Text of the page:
Republican presidential candidates refuse to talk about the toughest issue: cutting government spending

For Immediate Release Thursday, February 4, 2016

Graph showing CBO projections of US govt revenue, deficit, and outlays, all increasing, from 2016-2016 (image)

Despite a lot of tough talk about going after ISIS and immigrants, or taking on the D.C. establishment, the Republican candidates vying for the GOP’s presidential nomination are chickening out on the toughest issues: ever-increasing government spending and massive government debt.

In seven GOP debates, not one of the candidates, who all claim to be fiscally conservative, has vowed to stop today’s astronomically high federal government spending and to balance the budget now.

When business owners and families spend more than they take in, they are forced to take action — or pay consequences. They must stop overspending immediately, balance their budget, and come up with a plan to pay off their debt.

In 2012, Republicans and Democrats in congress voted for a ten year plan to balance the budget. If they kept their word, the 2022 budget would be balanced. But in December 2015, the Republican-controlled congress not only refused to balance the budget by then, they passed a spending bill that, projections show, will nearly double today’s deficit, raising it to over $1 trillion.

‘Apparently, the Republicans’ ten-year plan to eliminate the deficit became a ten-year plan to explode it,’ said Libertarian National Committee Chair Nicholas Sarwark.

‘Clearly, neither Democrats nor Republicans have the slightest intention to reduce total government spending or balance the budget — ever,’ he said. ‘Not to mention paying off the federal debt, which will cost Americans $255 billion in interest payments this year, and rise to $830 billionin 2026.’

‘If that wasn’t bad enough,’ he said, ‘these projections assume the federal government will collect a staggering $1.7 trillion in new tax revenue — every year — beyond what we’re already paying today.’

‘We must stop overspending now . Not in ten years. Now ,’ he said.

The Federal Reserve has kept interest rates artificially low. If interest rates are allowed to return to market rates, interest on the debt could balloon even more.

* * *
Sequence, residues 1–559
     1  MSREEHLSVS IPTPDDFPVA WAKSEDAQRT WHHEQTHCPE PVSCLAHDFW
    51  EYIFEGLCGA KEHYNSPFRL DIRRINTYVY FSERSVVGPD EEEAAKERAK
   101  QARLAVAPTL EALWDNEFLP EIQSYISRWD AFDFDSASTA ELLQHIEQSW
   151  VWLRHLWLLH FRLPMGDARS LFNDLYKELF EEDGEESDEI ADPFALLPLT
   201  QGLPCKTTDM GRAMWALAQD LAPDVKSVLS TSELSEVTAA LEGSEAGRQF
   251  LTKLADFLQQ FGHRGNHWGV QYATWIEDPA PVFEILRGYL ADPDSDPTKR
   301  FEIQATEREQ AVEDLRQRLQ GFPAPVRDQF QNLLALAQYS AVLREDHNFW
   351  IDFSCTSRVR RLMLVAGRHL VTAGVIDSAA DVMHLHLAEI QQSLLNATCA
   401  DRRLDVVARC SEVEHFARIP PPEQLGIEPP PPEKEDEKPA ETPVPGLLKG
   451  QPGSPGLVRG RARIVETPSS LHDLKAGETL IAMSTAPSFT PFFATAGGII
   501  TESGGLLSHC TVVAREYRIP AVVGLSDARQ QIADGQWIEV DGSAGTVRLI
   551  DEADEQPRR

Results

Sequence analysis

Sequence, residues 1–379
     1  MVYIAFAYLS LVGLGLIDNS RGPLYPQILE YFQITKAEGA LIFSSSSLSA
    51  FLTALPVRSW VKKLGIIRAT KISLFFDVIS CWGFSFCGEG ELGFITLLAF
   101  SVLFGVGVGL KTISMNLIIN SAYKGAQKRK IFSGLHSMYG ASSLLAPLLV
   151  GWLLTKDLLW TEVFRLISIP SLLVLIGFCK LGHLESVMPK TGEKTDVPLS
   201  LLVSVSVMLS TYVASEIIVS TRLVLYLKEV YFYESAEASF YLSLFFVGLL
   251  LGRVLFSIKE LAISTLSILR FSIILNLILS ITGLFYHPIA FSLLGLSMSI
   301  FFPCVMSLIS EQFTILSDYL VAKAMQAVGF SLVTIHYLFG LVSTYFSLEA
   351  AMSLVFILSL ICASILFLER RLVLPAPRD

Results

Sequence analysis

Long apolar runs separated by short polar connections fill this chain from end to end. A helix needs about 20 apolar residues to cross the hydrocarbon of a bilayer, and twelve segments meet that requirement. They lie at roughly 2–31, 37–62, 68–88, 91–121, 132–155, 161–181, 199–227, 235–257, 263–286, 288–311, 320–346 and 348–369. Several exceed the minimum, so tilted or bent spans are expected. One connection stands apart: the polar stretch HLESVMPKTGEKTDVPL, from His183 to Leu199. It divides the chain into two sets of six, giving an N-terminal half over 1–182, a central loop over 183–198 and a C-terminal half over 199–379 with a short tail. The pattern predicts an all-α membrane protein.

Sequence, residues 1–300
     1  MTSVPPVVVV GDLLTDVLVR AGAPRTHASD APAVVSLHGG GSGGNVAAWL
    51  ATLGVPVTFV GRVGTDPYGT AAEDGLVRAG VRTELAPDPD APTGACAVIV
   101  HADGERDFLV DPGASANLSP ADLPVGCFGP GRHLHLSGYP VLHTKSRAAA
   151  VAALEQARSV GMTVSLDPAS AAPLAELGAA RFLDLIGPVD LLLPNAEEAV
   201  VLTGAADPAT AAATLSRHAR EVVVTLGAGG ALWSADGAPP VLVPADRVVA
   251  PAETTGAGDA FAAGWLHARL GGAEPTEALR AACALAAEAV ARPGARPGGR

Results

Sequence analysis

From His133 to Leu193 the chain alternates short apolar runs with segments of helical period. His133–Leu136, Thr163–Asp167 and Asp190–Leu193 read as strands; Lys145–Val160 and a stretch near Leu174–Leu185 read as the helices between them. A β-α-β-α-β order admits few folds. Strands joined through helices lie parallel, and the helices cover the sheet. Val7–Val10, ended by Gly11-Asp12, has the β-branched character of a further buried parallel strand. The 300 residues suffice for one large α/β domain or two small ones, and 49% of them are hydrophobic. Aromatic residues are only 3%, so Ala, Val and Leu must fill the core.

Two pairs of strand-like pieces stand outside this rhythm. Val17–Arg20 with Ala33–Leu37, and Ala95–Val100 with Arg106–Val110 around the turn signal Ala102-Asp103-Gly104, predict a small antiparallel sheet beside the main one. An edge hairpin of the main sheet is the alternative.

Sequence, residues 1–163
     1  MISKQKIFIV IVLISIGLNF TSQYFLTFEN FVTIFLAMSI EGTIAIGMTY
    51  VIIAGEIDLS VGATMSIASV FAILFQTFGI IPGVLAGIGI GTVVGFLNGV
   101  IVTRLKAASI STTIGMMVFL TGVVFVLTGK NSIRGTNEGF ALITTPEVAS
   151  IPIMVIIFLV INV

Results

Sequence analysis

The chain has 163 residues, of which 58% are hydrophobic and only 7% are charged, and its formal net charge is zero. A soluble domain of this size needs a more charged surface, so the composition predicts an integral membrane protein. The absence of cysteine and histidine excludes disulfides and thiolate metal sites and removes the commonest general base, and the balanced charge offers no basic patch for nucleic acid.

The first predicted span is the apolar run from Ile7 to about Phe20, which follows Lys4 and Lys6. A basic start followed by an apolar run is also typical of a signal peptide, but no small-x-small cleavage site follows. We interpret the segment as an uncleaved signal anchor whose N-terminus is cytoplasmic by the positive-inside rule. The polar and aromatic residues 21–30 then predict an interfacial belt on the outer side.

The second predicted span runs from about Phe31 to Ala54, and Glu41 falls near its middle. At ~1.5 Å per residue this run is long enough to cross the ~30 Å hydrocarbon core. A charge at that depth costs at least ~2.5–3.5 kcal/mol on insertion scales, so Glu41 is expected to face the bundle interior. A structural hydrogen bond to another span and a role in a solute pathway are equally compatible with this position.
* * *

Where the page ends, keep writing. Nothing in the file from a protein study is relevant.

Government overspending and low interest rates have been harming the U.S. economy for years.

High government spending depletes the private sector of capital needed to create jobs. As a result, millions of Americans are unemployed, underemployed, or working two jobs to make ends meet.

The government prints hundreds of billions of dollars out of thin air every year to cover expenses, which devalues the dollar. Retirees despair as they watch their nest eggs dwindle. Older workers, afraid to retire, continue to work instead. This makes jobs even harder to find for young workers. Prices of food, housing, and other essentials continue to rise, lowering everyone’s standard of living.

‘The damage done by high government spending goes beyond wreaking havoc on the economy,’ said Sarwark. ‘It fuels Big Government and all its abysmally failed programs: the Iraqi war which gave rise to ISIS; heavy-handed regulations that force small businesses to close their doors; and the drug prohibition, which has failed to prevent a growing epidemic of heroin addiction, has incarcerated millions of nonviolent African Americans, and has made our streets unsafe.’

History has proven time and again: Countries that continually print money to balance their budgets are at risk of hyperinflation and economic collapse. Witness the post-inflation economies of Austria (1922), Germany (1923), Greece (1944), Hungary (1946), Argentina (1989), Russia (1992), Brazil (1994), Yugoslavia (1994), Zimbabwe (2008), and Venezuela (today).

‘Why hasn’t every single candidate who claims to care about the American economy been talking about balancing the budget — now — in the first fifteen minutes of every Republican and Democratic debate?’ asks Sarwark. ‘Why can’t they talk about cutting anything beyond the trifling amounts that are used to subsidize Planned Parenthood?’

Libertarians are serious about cutting spending. In 2014, dozens of Libertarians running for federal office pledged to cut military spending by 60 percent. This will force the closing of unneeded military bases all over the world, stop dangerous overseas ventures, and still leave the U.S. with the strongest military in the world.

Dozens of Libertarian candidates who ran in 2014 also pledged to bring down federal spending to $1.65 trillion, the level in 1998 when Democrat Bill Clinton was president. This balances the budget while ending the federal income tax and putting an average of $11,525 back into the family budgets of hard-working Americans every year.

More Libertarian candidates will make bold pledges in 2016.

‘This is why the Libertarian Party is needed,’ said Sarwark. ‘Voting Libertarian is the only way to end the superficial banter that dominates GOP debates and to focus instead on serious proposals to reduce today’s dangerously high government spending.’